New Weapon Emerges to Fight Kids' Cavities
Xylitol syrup may protect baby teeth from decay, much like fluoride, study finds
TUESDAY, July 7 (HealthDay News) -- A syrup containing the sugar substitute xylitol helps prevent tooth decay in baby teeth, according to a new study.
Xylitol, approved in the United States for use in food since 1963, acts as an antibacterial agent against organisms that cause cavities. Previous studies showing its effectiveness have mainly involved chewing gum or lozenges in school-age children with permanent teeth.
In the new study, researchers tested the xylitol syrup in 94 children, 9 months to 15 months old, in the Republic of the Marshall Islands, an island chain in the Pacific Ocean where, they said, early childhood tooth decay is a major problem. Two groups of children were given 8 grams of xylitol syrup a day, in either two or three doses, and a third group was given a single 2.67-gram dose of the syrup each day.
Children in third group, which served as a control, or comparison, group, were given a small dose of the syrup because Marshall Island officials would not allow the use of a placebo.
After an average of 10.5 months, tooth decay was found in about 24 percent of the children who had gotten two doses of xylitol syrup a day, 41 percent of children who received three doses of xylitol syrup a day and in 52 percent of children in the control group.
Children in the two-dose group had, on average, 0.6 decayed teeth, compared with 1.0 in the three-dose group and 1.9 in the control group.
"Our results suggest that exposure to xylitol (8 grams per day) in a twice-daily topical oral syrup during primary tooth eruption could prevent up to 70 percent of decayed teeth," wrote Dr. Peter Milgrom of the University of Washington, Seattle, and colleagues.
"Dividing the 8 grams into three doses did not increase the effectiveness of the treatment," the researchers said. "These results provide evidence for the first time (to our knowledge) that xylitol is effective for the prevention of decay in primary teeth of toddlers."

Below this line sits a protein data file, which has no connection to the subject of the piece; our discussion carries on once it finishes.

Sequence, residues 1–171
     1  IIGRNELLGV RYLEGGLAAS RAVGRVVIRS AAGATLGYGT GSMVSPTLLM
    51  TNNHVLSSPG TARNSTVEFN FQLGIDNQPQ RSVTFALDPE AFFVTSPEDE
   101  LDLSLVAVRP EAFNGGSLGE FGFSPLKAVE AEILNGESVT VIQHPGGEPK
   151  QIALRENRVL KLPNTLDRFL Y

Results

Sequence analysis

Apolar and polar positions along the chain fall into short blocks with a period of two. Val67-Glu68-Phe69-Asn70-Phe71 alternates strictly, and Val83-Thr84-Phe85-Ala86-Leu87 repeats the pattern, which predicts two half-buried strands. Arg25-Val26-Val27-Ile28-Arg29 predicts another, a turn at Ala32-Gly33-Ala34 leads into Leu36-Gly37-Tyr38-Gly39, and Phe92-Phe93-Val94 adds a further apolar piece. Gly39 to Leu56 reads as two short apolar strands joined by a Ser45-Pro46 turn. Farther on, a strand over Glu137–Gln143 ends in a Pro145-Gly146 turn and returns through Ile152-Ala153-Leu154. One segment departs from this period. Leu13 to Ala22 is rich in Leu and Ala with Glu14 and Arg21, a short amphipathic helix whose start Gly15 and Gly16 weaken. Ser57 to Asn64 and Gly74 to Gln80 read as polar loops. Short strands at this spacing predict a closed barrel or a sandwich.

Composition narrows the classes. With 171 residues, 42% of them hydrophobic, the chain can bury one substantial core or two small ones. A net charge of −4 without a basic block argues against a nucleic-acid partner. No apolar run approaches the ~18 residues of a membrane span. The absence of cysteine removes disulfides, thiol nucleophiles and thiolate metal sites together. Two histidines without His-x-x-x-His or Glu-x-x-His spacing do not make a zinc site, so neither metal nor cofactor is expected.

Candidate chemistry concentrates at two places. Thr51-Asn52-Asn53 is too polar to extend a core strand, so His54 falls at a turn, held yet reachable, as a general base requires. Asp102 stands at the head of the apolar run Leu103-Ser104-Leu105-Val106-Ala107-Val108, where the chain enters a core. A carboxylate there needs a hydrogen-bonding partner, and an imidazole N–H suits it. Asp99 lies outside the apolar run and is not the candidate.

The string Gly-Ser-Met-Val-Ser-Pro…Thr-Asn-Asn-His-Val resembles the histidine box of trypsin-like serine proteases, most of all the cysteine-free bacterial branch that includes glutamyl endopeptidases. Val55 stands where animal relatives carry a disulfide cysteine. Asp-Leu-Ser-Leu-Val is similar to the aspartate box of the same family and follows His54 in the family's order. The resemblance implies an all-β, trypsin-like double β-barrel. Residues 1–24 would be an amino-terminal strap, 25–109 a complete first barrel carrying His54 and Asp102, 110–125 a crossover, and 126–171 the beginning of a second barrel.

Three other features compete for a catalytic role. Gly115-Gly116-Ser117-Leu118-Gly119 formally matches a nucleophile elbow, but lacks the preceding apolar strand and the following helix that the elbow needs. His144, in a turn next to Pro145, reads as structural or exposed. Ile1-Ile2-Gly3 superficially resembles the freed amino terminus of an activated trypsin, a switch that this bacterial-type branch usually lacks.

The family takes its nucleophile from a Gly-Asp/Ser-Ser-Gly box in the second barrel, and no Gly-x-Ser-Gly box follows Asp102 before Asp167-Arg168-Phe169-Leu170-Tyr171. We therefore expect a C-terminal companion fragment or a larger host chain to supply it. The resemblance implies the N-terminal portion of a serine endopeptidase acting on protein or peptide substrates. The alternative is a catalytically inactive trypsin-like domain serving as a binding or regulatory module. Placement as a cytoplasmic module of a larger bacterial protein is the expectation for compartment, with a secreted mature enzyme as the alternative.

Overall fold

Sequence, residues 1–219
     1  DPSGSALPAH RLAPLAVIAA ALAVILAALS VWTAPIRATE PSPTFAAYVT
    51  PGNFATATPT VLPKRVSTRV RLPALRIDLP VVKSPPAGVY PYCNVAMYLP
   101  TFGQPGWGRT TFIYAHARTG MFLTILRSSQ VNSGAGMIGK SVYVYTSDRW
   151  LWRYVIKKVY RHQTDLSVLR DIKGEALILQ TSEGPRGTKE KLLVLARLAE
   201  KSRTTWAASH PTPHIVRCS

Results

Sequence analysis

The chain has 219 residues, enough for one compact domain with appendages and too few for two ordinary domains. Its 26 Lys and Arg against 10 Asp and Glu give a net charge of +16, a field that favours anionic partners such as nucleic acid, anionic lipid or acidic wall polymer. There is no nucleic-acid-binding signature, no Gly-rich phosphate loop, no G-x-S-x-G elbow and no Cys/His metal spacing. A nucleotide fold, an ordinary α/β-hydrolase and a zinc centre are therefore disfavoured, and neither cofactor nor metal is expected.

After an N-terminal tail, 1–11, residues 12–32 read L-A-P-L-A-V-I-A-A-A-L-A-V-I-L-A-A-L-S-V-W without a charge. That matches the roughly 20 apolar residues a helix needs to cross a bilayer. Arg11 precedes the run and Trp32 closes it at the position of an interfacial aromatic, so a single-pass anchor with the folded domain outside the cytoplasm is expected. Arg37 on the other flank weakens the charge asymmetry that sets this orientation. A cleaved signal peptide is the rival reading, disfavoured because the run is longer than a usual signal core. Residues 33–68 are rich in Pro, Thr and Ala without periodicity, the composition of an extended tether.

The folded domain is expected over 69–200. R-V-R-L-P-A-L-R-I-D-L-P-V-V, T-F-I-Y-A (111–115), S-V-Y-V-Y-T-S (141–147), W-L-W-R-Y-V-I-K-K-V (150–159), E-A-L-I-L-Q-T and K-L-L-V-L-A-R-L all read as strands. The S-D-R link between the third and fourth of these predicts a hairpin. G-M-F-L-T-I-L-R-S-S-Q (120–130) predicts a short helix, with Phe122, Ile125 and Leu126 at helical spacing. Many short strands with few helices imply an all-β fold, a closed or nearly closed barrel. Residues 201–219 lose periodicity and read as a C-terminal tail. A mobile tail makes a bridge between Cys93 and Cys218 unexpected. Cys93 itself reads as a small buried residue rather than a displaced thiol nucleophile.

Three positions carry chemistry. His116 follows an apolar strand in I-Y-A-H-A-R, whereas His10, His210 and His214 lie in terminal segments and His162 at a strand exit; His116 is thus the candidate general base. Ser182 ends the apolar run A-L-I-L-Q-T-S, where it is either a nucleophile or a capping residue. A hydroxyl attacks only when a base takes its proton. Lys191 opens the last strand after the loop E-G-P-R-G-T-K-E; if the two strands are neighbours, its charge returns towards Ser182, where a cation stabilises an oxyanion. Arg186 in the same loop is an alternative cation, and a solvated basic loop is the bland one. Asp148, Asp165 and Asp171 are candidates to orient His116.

Though they said that more research is needed, the researchers added that xylitol appears to be a cost-effective preventive measure in populations with high rates of tooth decay.
The study appears in the July issue of Archives of Pediatrics & Adolescent Medicine. The findings were also released in July 2008 at the annual meeting of the International Association for Dental Research in Toronto.
The findings are "encouraging and suggest the addition of this approach to pharmacologic management in public health and individual care settings," Dr. Burton L. Edelstein of the College of Dental Medicine at Columbia University in New York City wrote in an accompanying editorial in the journal. "Xylitol application, like fluoride varnish application, will likely become a routine element of early childhood caries [cavity] control."
"The finding, however, that early childhood caries prevalence remained at 24 percent to 41 percent among treated children at the close of the trial in a high-caries-experience population reminds us that no single 'silver bullet' is going to solve the problem of early childhood caries," Edelstein added.
The Academy of General Dentistry has more about children's oral health.